RESEARCH ARTICLE


Imaging In Acute Bronchiolitis: Evaluation of The Current Practice In a Kuwaiti Governmental Hospital and Its Possible Impact on Hospitalization Period



Alaa Abdel-Kader1, 2, May Fouad Nassar1, 3, *, Zahra Qabazard1, Mohamed Disawi1
1 Pediatric Department, Al-Adan Hospital, MOH, Kuwait
2 Pediatric Department, Faculty of Medicine, Mansoura University, Dakahlia, Egypt
3 Pediatric Department, Faculty of Medicine, Ain Shams University, Cairo, Egypt


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© 2018 Abdel-Kader et al.

open-access license: This is an open access article distributed under the terms of the Creative Commons Attribution 4.0 International Public License (CC-BY 4.0), a copy of which is available at: (https://creativecommons.org/licenses/by/4.0/legalcode). This license permits unrestricted use, distribution, and reproduction in any medium, provided the original author and source are credited.

* Address correspondence to this author at the Professor of Pediatrics, Faculty of Medicine, Ain shams University, Children`s Hospital, Ain Shams University, Abbassia, Cairo, Egypt, Tel: 00201068179772; E-mails: maynassar@med.asu.edu.eg; maie_nassar@yahoo.co.uk


Abstract

Background and objectives:

Guidelines for acute bronchiolitis recommend primarily supportive care, but unnecessary treatment measures remain well documented. This study was designed to assess the Al-Adan Hospital pediatricians` attitude towards imaging of inpatients with bronchiolitis aiming to evaluate its utilization and possible impact on patients` management and length of hospital stay.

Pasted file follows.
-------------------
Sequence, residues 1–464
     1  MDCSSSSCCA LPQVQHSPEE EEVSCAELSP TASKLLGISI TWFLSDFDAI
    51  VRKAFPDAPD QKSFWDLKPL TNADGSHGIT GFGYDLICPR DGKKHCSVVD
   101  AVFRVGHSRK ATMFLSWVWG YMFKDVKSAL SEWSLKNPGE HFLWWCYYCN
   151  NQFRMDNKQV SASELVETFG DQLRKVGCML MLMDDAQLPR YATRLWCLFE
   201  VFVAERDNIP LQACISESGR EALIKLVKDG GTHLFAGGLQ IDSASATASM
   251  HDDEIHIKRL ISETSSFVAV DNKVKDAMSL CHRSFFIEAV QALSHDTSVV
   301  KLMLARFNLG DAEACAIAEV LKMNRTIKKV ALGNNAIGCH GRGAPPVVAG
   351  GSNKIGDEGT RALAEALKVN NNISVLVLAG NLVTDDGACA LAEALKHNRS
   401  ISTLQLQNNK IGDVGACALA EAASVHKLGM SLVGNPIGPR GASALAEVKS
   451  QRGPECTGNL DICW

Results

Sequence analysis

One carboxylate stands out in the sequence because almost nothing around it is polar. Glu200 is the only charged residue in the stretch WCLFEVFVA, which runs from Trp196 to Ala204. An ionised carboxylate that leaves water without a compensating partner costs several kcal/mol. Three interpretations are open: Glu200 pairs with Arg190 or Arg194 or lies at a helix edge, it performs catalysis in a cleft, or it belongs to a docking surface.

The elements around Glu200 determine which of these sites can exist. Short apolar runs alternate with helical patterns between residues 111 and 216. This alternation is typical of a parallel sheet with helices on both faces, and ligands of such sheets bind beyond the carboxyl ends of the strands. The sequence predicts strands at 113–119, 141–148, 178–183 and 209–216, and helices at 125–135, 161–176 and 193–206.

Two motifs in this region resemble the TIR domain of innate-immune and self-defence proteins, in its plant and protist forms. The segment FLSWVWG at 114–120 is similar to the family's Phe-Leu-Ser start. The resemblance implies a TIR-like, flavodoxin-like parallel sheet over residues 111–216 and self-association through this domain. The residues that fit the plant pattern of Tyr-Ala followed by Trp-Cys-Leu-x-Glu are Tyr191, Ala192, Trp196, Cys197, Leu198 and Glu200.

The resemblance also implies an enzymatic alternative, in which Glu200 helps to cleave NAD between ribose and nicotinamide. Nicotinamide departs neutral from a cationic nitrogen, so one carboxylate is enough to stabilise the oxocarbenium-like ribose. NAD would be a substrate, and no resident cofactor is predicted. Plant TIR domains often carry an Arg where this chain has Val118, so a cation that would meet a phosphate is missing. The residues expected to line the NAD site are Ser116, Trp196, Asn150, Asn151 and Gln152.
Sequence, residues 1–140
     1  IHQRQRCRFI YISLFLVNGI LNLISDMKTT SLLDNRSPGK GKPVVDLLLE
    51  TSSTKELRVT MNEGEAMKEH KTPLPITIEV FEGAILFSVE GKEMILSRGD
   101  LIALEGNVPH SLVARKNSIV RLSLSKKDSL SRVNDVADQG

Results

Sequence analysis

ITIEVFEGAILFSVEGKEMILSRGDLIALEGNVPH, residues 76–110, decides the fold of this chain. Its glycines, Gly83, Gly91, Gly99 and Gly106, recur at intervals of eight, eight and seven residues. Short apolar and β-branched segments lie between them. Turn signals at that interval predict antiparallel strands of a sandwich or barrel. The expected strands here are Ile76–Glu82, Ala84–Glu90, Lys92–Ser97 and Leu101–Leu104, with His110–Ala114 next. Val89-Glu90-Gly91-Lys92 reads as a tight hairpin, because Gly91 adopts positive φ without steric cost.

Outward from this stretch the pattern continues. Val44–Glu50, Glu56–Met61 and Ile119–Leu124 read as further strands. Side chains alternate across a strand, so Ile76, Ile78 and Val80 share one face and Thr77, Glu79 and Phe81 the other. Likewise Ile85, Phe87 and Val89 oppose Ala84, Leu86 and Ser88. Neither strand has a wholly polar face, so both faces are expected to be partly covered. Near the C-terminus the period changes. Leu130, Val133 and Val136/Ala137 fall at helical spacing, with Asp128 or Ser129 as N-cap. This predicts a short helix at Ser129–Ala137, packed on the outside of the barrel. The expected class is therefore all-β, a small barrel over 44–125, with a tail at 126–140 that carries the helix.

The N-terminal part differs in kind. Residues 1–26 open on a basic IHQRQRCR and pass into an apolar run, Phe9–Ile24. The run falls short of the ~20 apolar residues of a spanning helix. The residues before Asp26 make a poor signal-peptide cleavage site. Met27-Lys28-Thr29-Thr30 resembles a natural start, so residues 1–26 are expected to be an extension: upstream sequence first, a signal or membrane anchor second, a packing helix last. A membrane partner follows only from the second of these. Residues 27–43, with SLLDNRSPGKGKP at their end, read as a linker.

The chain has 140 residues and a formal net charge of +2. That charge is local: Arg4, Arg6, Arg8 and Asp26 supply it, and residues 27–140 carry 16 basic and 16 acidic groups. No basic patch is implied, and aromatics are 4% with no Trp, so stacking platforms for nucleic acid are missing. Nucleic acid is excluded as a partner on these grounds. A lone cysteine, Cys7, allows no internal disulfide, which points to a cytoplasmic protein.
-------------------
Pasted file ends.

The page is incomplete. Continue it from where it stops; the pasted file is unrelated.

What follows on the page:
Subjects and methods:

This study included 194 cases of acute bronchiolitis admitted to Al-Adan Hospital. Number of X-Rays done following admission and reasons stated in the files were recorded. Bronchiolitis severity was estimated from the data obtained.

Results:

Chest X-Rays were ordered in 52.1% of our inpatients with acute bronchiolitis. In nearly half of those cases, the reason for X-Ray request is a clinical severity factor, namely desaturations and apneas, and in rest of the cases, no specific reason for ordering X-Rays was documented. Significantly more patients who had two or more X-Rays were prescribed antibiotics and had statistically longer hospital stay. The number of X-Rays performed during admission was not a significant contributor to the need for PICU care, however, it was a significant factor affecting the length of hospital stay.

Conclusion:

The implementation of acute bronchiolitis guidelines regarding imaging in admitted cases with acute bronchiolitis is highly recommended in Al-Adan hospital. Clear documentation for the reasons behind ordering X-Rays is needed for those cases. A decrease in the X-Ray utilization and subsequent unnecessary antibiotic use can help in decreasing the costs and hazards of hospitalization for patients with acute bronchiolitis.

Keywords: Bronchiolitis, Imaging, Kuwait, Hospitalization, Period, X-ray, Pediatricians.